Losing him has made me think about the millions of other people who are affected by Alzheimer’s, who may not know what to do with their family members who have it; or feel helpless and hopeless in the long months and years of caring for someone who is slowly slipping away.

I wanted to draw from my experience to do something for him to live on in his memory. My faint memories of him were from a younger age and I never really got the chance to know him better as a person and as a father, before we had to finally let him go. Project We Forgot is partially a tribute to my father.

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It’s true that we can’t control this illness or fight against time, as much as we want to. But we don’t have to let it get the better of us. This is why I’ve been inspired to create this community to tackle the need for greater awareness and support – one that offers a younger and fresher take on the disease while focusing on the digital generation, to build a community of support and to let people know what Alzheimer’s truly is by humanising the disease.

As I build this, I often picture myself as a teen and imagine how much of a difference having such a community of support would have helped me and my siblings when we were going through my dad’s illness. I hope that this space will allow caregivers to find their place to identify and connect with other individuals who might understand what they are going through. And especially to the younger ones, for them to know that they are not alone, to know that it is ok to speak out about it, and to use their journey to inspire others.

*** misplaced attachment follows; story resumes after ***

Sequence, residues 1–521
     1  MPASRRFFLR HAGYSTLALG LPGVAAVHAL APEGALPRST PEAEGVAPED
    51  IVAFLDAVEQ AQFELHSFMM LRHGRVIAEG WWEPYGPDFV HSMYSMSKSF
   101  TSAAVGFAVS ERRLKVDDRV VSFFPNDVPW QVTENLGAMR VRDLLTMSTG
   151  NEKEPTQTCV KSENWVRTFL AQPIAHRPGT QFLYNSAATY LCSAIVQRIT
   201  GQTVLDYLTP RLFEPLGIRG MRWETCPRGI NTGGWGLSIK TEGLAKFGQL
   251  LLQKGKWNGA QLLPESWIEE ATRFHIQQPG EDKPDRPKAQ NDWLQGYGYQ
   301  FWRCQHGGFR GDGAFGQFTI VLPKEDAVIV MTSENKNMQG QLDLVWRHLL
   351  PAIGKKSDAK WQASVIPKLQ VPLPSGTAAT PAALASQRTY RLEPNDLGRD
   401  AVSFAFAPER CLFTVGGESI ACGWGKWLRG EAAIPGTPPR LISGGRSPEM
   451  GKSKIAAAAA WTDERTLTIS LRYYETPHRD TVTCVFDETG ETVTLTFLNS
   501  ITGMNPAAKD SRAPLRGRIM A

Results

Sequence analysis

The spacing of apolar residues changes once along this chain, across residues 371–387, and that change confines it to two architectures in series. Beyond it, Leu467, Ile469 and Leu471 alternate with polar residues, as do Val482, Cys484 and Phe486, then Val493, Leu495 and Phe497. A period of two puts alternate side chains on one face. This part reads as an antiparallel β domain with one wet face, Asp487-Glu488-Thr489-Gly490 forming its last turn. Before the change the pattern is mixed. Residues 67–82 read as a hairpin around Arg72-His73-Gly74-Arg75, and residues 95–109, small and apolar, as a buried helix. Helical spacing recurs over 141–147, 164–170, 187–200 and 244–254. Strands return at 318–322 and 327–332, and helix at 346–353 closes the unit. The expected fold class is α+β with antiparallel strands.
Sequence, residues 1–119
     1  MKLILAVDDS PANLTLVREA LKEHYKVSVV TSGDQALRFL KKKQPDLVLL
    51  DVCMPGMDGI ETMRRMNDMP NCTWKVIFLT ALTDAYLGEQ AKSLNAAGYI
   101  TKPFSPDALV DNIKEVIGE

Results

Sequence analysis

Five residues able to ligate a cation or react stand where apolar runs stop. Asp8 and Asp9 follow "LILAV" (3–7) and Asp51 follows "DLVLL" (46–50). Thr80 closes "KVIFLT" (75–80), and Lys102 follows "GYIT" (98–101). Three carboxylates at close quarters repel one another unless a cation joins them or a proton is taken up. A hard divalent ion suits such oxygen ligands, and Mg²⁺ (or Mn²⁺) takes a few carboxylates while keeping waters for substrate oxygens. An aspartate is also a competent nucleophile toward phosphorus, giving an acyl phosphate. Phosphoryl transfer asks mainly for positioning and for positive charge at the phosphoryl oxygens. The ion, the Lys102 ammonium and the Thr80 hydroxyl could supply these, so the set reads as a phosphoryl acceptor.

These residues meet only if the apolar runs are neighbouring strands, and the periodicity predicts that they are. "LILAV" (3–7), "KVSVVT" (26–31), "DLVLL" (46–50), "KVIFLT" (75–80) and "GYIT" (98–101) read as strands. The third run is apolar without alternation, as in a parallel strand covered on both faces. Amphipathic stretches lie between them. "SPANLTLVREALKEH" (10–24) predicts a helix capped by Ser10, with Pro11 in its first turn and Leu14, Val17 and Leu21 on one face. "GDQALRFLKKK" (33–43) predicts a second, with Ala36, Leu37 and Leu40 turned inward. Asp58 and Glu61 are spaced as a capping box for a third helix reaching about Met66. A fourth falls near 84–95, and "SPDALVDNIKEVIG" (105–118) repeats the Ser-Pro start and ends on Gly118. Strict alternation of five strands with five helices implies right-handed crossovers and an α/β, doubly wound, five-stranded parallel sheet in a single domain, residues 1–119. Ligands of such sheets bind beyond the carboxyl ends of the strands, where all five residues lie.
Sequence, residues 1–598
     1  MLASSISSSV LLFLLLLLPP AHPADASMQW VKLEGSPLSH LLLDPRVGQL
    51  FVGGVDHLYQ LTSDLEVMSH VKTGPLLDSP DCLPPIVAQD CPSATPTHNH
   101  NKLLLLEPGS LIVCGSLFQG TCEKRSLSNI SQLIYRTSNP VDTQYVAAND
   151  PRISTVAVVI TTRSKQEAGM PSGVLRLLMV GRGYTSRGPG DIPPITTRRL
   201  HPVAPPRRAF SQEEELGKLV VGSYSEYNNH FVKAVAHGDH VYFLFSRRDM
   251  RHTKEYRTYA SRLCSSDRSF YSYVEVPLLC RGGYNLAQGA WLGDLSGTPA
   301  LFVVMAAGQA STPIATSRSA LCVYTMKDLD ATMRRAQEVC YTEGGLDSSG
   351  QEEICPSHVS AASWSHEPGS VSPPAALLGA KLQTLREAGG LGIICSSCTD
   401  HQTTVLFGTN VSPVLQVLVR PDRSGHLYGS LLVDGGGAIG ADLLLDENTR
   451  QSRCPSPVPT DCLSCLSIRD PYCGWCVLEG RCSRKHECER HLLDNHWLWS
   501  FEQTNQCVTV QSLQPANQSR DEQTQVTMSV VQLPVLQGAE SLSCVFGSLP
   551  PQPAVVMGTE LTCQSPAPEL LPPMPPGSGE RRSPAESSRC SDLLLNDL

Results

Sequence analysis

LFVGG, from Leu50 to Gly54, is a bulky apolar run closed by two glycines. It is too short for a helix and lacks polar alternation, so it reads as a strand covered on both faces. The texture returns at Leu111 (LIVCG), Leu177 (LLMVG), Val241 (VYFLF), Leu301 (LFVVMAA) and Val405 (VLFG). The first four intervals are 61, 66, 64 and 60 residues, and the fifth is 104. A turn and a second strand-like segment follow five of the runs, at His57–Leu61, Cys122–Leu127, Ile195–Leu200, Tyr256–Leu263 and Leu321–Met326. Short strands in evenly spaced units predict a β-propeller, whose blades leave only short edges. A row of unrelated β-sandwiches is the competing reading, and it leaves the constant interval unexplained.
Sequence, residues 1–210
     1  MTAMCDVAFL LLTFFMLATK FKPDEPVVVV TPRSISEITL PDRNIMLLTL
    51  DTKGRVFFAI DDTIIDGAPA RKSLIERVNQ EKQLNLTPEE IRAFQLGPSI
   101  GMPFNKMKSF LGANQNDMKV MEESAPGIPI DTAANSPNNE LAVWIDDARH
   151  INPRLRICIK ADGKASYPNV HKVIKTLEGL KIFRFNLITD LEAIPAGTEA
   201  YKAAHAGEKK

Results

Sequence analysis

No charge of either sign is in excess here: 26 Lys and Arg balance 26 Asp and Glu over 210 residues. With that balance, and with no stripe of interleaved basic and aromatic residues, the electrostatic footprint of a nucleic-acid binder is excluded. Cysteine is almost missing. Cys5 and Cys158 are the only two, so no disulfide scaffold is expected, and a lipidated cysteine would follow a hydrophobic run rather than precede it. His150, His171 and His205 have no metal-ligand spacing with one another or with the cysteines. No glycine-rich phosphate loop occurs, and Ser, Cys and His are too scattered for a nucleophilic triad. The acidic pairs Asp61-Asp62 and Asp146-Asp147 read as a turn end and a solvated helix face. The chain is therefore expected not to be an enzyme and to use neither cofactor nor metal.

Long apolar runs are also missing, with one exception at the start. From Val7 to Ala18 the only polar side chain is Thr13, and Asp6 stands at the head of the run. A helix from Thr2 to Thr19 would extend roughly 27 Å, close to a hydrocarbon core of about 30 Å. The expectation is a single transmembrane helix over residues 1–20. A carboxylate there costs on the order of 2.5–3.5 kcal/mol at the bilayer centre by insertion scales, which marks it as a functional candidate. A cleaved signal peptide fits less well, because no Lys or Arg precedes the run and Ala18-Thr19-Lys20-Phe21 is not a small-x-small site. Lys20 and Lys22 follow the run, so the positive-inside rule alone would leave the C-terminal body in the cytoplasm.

By Melissa Chan, Founder of Project We Forgot

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Healthcare is a human right

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On Saturday 5 December, patients from across the world will join together to celebrate Patient Solidarity Day and declare that healthcare is a human right.